With another disappointing season in the books for the ailing Detroit Pistons, it is clear that a turnaround is in order. With lofty playoff expectations looming throughout the Motor City over the summer, the Pistons were almost a lock to capture that eighth spot in the Eastern Conference even before playing their first regular-season game. Although they managed to hold that ninth spot in the East for a while, they ultimately failed to play their way into postseason contention for the fifth time in six years.
When former Atlanta Hawks forward Josh Smith was acquired by the team during the offseason, it was expected that he would become the most important player on the 2013-14 Pistons roster. As the NBA season unfolded, however, that role turned out to belong to starting center Andre Drummond. Drummond’s spectacular rebounding abilities and athletic prowess helped him garner the most spotlight of any other Pistons player this year.
Drummond, only 20 years of age, forced his way into the ranks of the NBA elite, giving basketball fans and spectators no choice but to mention him among the likes of All-Star centers such as Dwight Howard. Drummond, unforgettably, provided Detroit with the highlight of the season when he posterized NBA veteran Elton Brand with a thunderous dunk that made the usually animated Rasheed Wallace express his approval with excitement from the sideline.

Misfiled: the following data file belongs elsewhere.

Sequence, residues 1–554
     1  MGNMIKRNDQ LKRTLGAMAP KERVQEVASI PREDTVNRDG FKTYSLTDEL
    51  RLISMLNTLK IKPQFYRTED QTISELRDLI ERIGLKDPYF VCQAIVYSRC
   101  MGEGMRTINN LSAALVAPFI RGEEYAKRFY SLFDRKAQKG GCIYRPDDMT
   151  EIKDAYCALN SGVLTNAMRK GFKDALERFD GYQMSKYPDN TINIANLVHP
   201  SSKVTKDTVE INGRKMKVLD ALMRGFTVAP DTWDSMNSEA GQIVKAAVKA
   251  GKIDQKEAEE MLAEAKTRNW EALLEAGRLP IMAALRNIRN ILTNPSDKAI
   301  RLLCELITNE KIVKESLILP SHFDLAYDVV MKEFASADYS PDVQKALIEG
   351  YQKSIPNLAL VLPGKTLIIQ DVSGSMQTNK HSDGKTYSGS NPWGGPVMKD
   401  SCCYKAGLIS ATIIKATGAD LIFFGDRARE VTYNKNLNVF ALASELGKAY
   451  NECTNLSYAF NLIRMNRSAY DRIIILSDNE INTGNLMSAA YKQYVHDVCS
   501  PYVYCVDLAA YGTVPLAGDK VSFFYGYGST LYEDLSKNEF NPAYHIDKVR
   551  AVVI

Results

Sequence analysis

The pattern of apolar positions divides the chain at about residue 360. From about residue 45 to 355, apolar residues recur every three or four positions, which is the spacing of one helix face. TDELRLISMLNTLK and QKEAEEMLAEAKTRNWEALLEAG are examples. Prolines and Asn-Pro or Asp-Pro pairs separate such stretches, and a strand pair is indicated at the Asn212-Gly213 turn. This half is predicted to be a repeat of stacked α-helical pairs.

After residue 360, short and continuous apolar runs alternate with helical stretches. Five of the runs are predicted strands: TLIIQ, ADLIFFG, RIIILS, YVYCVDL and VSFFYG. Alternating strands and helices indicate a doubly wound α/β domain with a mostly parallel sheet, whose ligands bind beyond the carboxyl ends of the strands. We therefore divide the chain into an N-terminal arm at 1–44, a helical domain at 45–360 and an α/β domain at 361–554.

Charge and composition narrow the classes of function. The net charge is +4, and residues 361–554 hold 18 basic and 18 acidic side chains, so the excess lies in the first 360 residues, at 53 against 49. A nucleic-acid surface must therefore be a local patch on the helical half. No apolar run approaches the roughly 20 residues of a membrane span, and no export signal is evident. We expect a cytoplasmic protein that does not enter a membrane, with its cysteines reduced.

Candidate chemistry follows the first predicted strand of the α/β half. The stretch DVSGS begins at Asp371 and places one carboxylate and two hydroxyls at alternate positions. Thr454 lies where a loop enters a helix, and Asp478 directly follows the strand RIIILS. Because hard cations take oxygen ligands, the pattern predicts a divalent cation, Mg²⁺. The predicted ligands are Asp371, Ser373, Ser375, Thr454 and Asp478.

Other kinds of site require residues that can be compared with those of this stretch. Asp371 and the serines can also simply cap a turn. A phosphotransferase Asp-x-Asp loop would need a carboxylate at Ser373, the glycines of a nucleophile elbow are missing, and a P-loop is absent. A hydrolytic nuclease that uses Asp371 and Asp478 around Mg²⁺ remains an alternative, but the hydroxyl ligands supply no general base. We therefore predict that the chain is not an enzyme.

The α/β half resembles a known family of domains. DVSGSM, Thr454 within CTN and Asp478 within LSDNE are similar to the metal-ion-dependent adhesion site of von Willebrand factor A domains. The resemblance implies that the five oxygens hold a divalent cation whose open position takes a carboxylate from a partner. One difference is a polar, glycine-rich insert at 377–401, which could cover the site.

Maurice Cheeks was counted on to be the team’s X-factor, but an uninspired first half led to an early, and untimely, mid-season exit. Point guard Brandon Jennings, who, along with Smith, was expected to cause Mo Cheeks the most problems this year, actually expressed his surprise and disappointment upon learning of the coach’s firing. Even though Cheeks and Smith did indeed have their confrontational spats from time to time, Smith, usually a power forward, was also dealing with the challenge of converting to small forward. To his credit, Cheeks did give Kyle Singler, who usually comes off the bench, a spot on the team’s starting lineup and Singler delivered. It was still not enough when all was said and done.
Dumars stepping down during the last week of the regular season was an almost fitting end to what was a disastrous 2013-14 campaign for the Pistons. Dumars, the former team president and general manager for the franchise, was likely on his way out anyway. His departure came just weeks after he participated in a 25-year anniversary celebration of the 1989 NBA championship season that he, along with the Bad Boys, had as a player for Detroit.
Tom Gores, the owner of the struggling franchise, is now in charge of filling those newly vacant front office positions and finding a head coach for the upcoming NBA season.